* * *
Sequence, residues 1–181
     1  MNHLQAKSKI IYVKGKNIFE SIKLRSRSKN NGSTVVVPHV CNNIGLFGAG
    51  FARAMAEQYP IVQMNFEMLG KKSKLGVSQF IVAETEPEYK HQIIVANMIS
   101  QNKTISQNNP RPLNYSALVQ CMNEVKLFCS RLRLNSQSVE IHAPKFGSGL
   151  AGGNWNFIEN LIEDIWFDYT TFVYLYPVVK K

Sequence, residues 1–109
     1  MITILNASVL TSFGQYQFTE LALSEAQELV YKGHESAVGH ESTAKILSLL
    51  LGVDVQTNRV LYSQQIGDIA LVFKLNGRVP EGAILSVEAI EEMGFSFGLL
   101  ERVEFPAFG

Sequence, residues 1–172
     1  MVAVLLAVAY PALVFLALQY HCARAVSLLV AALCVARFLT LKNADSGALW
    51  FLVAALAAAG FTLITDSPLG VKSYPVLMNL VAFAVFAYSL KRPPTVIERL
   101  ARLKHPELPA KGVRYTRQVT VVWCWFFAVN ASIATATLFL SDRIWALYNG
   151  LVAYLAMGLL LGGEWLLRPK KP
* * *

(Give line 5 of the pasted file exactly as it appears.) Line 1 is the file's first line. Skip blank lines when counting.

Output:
   151  AGGNWNFIEN LIEDIWFDYT TFVYLYPVVK K